Releasing music since the ’80s, Chris Goldbach has seen and done it all.
Goldbach used to live in Fort Lauderdale where the punk scene in the ’80s was thriving. That culture has followed him through band after band, leading to his current outfit, punk band Spicoli Culkin, where he sings and plays guitar.
“My first punk show was Black Flag in Miami back in ’86,” Goldbach said. “It changed my life.
“It seems like back then there was a show every weekend: Bad Brains, Gang Green, The Meatmen, Circle Jerks, Dag Nasty, Dr. Know, The Ramones, Agnostic Front, the list goes on and on. There’s too many to mention.”
With so many influences over so many years, it’s both inspiring and thought provoking.
Growing up with these punk-famous influencers kept Goldbach prolific.
“Being a naive kid and being exposed to such a culture at a young age was a mind opener,” he said. “Hearing people like Keith Morris sing about how corrupt certain politicians were, or H.R. [of Bad Brains] doing flips off the stage and singing about Positive Mental Attitude, it made you aware of what was actually happening in the world.”
Sticking to what you know
Bands tend to go one of two ways over their career. Either they change up their sound distinctly from album to album — sometimes gradually morphing into something completely different from how they started — or they remain more or less the same over the years.
Though Spicoli Culkin have been a band for only 21/2 years, they’ve gone the latter route, keeping their sound fairly consistent.
“It’s hard to say if our style will change up at all in the future,” Goldbach said. “We’re not really into writing ‘hit songs.’ We write from the heart and if people get it, cool. If not, that’s cool, too. We’ll see where it goes.”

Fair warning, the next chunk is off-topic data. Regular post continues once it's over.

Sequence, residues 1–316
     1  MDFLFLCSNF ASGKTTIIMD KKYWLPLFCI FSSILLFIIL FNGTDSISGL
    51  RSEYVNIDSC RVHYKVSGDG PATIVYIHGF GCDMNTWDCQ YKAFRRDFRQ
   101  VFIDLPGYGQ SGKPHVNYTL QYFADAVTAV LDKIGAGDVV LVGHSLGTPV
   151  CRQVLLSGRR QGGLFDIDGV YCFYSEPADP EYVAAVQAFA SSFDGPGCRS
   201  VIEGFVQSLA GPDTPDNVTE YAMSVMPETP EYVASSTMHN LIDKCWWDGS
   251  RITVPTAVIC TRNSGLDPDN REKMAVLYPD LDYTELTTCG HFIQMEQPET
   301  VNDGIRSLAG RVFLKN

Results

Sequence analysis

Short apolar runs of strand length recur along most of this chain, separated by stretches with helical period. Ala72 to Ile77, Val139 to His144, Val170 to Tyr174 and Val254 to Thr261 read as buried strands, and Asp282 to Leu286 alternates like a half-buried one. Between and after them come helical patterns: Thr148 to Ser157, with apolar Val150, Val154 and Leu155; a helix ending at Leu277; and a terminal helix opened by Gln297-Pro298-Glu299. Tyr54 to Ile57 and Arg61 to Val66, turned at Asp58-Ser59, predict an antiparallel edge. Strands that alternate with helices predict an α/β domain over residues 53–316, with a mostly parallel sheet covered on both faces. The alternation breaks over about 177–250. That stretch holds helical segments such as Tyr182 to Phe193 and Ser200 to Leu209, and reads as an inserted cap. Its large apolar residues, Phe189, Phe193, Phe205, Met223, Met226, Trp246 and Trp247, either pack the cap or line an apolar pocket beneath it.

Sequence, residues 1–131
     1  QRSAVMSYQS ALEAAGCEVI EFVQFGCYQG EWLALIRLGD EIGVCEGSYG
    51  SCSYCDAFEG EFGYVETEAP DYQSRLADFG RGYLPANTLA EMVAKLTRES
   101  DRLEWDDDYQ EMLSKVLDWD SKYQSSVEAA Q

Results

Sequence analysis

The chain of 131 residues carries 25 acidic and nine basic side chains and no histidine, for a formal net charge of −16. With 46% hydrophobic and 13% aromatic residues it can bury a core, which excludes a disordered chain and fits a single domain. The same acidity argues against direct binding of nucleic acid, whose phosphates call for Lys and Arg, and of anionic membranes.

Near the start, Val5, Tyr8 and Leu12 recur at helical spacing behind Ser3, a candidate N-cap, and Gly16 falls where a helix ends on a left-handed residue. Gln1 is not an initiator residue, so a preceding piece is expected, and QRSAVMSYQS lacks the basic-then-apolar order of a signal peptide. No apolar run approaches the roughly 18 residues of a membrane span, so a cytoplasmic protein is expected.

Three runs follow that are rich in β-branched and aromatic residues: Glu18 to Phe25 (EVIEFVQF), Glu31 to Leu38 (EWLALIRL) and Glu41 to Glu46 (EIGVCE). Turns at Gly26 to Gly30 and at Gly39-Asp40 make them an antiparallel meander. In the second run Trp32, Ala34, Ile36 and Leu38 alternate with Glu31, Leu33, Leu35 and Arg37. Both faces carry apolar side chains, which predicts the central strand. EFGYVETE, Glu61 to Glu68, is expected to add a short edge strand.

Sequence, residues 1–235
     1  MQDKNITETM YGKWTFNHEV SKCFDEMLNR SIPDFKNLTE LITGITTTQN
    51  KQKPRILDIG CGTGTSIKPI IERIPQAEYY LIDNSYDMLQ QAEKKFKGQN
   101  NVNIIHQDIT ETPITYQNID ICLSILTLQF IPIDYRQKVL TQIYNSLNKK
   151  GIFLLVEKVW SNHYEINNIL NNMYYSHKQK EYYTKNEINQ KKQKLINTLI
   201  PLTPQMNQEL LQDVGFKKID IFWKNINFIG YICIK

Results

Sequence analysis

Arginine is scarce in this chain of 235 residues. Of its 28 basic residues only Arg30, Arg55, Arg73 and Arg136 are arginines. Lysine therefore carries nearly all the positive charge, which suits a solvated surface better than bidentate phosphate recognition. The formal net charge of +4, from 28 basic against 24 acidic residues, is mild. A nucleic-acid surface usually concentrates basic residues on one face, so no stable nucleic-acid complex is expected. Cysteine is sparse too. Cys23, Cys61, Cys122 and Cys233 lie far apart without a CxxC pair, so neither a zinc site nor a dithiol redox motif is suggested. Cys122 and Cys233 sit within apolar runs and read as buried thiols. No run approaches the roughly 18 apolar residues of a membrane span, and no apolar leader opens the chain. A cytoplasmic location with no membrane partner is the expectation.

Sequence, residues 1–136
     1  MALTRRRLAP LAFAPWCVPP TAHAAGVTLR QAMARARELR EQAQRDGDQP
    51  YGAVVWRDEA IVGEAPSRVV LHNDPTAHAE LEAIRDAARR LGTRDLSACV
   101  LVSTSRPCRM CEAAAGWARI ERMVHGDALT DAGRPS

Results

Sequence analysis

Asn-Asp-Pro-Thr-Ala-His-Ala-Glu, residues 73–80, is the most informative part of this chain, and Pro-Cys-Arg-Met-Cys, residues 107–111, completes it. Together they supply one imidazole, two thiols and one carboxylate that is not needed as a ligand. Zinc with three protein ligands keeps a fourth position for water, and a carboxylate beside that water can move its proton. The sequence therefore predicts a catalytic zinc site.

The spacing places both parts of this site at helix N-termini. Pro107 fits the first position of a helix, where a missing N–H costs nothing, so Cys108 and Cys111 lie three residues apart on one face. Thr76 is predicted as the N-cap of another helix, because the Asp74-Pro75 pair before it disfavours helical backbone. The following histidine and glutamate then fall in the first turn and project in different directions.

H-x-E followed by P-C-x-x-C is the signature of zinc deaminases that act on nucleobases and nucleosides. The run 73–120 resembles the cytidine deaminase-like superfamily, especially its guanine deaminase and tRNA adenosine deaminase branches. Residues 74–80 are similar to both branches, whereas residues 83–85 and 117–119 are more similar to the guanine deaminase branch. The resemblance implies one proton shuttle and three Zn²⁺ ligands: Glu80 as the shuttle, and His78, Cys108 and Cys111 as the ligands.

SC’s fast songs come together in the way you’d expect with such a cultured member leading the way. And the songwriting doesn’t seem to be slowing down anytime soon, despite the fact that it’s been going on so long and so steadily.
Though Goldbach has reached some of his personal goals, the band hopes to reach some of their own, even if it’s churning out songs at a regular volume.
“I’m always coming up with new tunes every week and I’ve already reached a lot of my goals since I started,” he said. “From being on both major and independent labels to touring the world to recording with my band Radiobaghdad at the Blasting Room with the Descendents guys back in the late ’90s, it’s all been a great experience.”
Youthful yet mature
Despite Goldbach being a little more seasoned than his local contemporaries, his music and tone still sounds youthful, yet with some maturity, similar to The Offspring. With hook-laden vocals in the vein of said band, the music is just as fast, though Goldbach’s voice is a little more gritty, separating Spicoli Culkin from a lot of the cleaner-cut punk bands that are their peers.
When the vocals are mellowed out, not quite so pushed, the band sounds more even, surfaced, and pleasantly steady. But the back-and-forth of these vocal divergences keeps each song interesting and in pace with the regularly sprinting beat.
Each member currently works at Sweetwater, but most of them have come from afar. Drummer Adam Lewis is a local, but Goldbach moved from Florida, guitarist Drew Foster was transplanted from Wisconsin, and bassist Matt Smith is here from Connecticut.
Though they are from different parts of the country, it all comes together.
“It all just melts together, which creates our unique style,” Goldbach said. “When recording, our songwriting process is organic. It just flows out.
“I will write a song, record it in my studio then email it to the other guys. When they show up for rehearsal, they usually have it down already. They all contribute their own parts to the song, though. I am not super strict and am definitely not opposed if someone has an idea to change things up. That’s what makes a band a band.”
You can hear Spicoli Culkin on SoundCloud and can look forward to their full-length album out sometime next year.
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March 27 • The Clyde